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'Big Bus': End of the Line : For Crenshaw Seniors Kristaan Johnson, Tremaine Fowlkes, Reggie McFerren and Tommie Davis, It's Been an 'Awesome Run' That Includes Two City 4-A Titles

March 20, 1994|SEAN WATERS | SPECIAL TO THE TIMES

The Big Bus was making its last stop in Oakland on Saturday. It was the end of the line for seniors Kristaan Johnson, Tremaine Fowlkes, Reggie McFerren and Tommie Davis, probably the most publicized passengers ever to ride to Crenshaw High.

Their transfers expired after the Cougars (28-2) played Carmichael Jesuit (31-6) in the CIF State Division I basketball finals Saturday at the Oakland Coliseum. It was a rematch of last season's title game, which the Cougars won 73-66. (See Sports, Section C, for results.)

All that remains of their high school careers are senior pranks, ditch days and a prom.

"It's sad, real sad," said Johnson, who started at Van Nuys Montclair Prep two seasons before transferring to Crenshaw. "I've started for four years and played about 130 games and lost only about 10. It's been an awesome run."

The Big Three--Johnson, Fowlkes and McFerren--have been together for two seasons, leading the Cougars to two City Section 4-A titles, and at least one State title. Their two-year record will be 57-4 if they win Saturday.

The Cougars, who flew to Oakland on Friday, were nicknamed the "Big Bus" by 6-foot-5 junior Ronnie Arch before the much anticipated March 12 game against Mater Dei of Santa Ana in the Southern California Regionals at the Anaheim Arena.

Said Arch: "Our team is like a big bus; Mater Dei is a little Datsun B-210. We're on a mission to run them over."

The previously undefeated Monarchs pushed the Big Bus to the limit before succumbing, 71-67. The big play came with the Cougars leading, 69-66, with 1 minute and 21 seconds left. Johnson, who has been criticized for being immobile, was knocked over by Mike Karich shortly before Clay McKnight sank a three-point shot that would have tied the score.

Karich was called for an illegal screen. Johnson, who scored a game-high 27 points, sank one of two free throws to put Crenshaw ahead, 70-66.

"I wanted to get the foul," Johnson said, "so I flopped. I exaggerated a little bit to get the ref's attention. He called it."

The Monarchs made only one free throw the rest of the way while Crenshaw played keep-away.

"I guess the little B-210 gave them a scare," Mater Dei Coach Gary McKnight said. "Willie (West Jr., Crenshaw's coach) has got a great team. A Who's Who of basketball."

While the Monarchs have the player of the future in freshman Schea Cotton, the Cougars had the team of the year, including their own freshman, Travis Reed.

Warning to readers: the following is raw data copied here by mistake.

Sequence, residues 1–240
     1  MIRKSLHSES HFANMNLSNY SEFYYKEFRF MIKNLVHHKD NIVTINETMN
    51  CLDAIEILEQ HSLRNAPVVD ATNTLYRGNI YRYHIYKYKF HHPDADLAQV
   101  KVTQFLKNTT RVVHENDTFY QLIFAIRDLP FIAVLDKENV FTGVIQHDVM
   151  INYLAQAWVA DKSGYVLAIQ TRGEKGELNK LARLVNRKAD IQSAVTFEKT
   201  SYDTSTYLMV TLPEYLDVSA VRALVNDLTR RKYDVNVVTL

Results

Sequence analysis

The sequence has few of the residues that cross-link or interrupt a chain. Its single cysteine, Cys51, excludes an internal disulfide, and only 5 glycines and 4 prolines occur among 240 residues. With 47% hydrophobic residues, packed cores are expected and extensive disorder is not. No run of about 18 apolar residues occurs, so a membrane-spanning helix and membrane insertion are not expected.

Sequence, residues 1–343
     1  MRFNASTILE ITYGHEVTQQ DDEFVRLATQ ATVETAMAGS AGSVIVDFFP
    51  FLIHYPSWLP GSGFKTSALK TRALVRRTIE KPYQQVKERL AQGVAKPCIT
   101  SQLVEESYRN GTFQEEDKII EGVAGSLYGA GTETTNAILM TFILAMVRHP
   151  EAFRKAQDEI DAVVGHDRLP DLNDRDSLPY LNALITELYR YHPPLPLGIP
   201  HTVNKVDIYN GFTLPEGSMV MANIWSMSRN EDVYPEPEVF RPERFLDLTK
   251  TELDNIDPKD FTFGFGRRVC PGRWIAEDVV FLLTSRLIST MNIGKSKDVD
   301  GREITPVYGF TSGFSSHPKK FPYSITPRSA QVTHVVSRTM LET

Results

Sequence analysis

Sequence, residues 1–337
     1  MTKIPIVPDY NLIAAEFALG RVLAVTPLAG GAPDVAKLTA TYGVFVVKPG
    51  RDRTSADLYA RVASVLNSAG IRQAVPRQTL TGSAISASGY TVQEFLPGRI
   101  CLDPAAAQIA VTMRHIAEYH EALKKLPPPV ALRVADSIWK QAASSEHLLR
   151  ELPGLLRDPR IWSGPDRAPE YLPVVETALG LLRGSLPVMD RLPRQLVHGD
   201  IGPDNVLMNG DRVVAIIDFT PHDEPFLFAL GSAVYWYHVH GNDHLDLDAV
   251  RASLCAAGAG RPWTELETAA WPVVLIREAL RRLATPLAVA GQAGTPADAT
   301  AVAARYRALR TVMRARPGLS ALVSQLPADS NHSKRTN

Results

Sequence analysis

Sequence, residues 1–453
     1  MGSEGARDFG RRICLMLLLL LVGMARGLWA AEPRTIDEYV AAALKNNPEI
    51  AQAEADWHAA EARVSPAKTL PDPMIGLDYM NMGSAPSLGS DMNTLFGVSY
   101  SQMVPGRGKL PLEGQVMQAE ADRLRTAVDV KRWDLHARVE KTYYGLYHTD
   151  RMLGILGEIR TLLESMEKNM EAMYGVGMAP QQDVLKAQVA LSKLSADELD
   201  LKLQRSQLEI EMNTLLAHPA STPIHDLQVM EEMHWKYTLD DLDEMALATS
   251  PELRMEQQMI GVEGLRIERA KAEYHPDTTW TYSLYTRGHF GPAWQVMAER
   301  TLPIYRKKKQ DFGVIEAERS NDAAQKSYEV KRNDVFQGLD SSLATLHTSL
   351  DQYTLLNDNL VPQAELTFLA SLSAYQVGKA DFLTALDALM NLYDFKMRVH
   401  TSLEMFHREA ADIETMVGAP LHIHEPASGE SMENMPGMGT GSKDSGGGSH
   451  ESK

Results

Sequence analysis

"There's only one freshman going to Oakland, and it's not Schea Cotton," Reed said.

Said Arch: "The bus is-- honk, honk-- rolling over."

After winning last season's State title, the Cougars were investigated by the Los Angeles Times for allegedly violating residence eligibility requirements. The City Section found the allegations groundless.

West is still questioned about some of the passengers on his Big Bus, which began rolling long before the current riders were old enough to travel alone.

*

As a youth, Kristaan Johnson looked as round as the basketball his small hands could dribble. He spent his summers playing ball and hanging out with Willie West III, the coach's son.

"I remember Coach West taking us out for a barbecue dinner," said Johnson, who grew to become one of the greatest players to compete at Crenshaw. "I was so full, I got sick."

While his father, Marques, completed his career at UCLA and in the National Basketball Assn. with the Milwaukee Bucks, Johnson grew up in the Cougar family, idolizing the stars who once made Crenshaw famous.

"I used to look up to Darwin Cook and John Williams. I was this fat and out-of-shape boy. No one knew I could play basketball. They thought I would play football."

Another prominent Cougar used to challenge Crenshaw cheerleader Denise Gibson, later West's wife, to a game of one-on-one when he was only 6.

"Denise West didn't know my son from the man on the moon," said Reggie McFerren Sr. "This little guy used to do his best to beat her."

In 1991, another little boy used to run into the Cougar gym and ask West if his brother, Aaron, was finished with practice. Two years later, Ronnie Arch grew to 6-foot-4 and transferred to Crenshaw from Westchester during his sophomore year.

Arch was one of nine players who transferred to Crenshaw in 1992. "Other than Kris and Reggie, I didn't know these kids," West said of the nine on their first day of practice. "Assistant Coach (Maurice) Duckett pointed to Arch and said: 'You know who that is? That's Ronnie Arch.'

"I was looking for a smaller kid," said West, who is 6 feet, "not one who was taller than me."

Another father and son have also competed for the Cougars.

Raymond Palmer Sr. was a teammate of Marques Johnson's on the 1972 Cougar team, while Raymond Jr., a 6-5 junior forward, is Kristaan's teammate.

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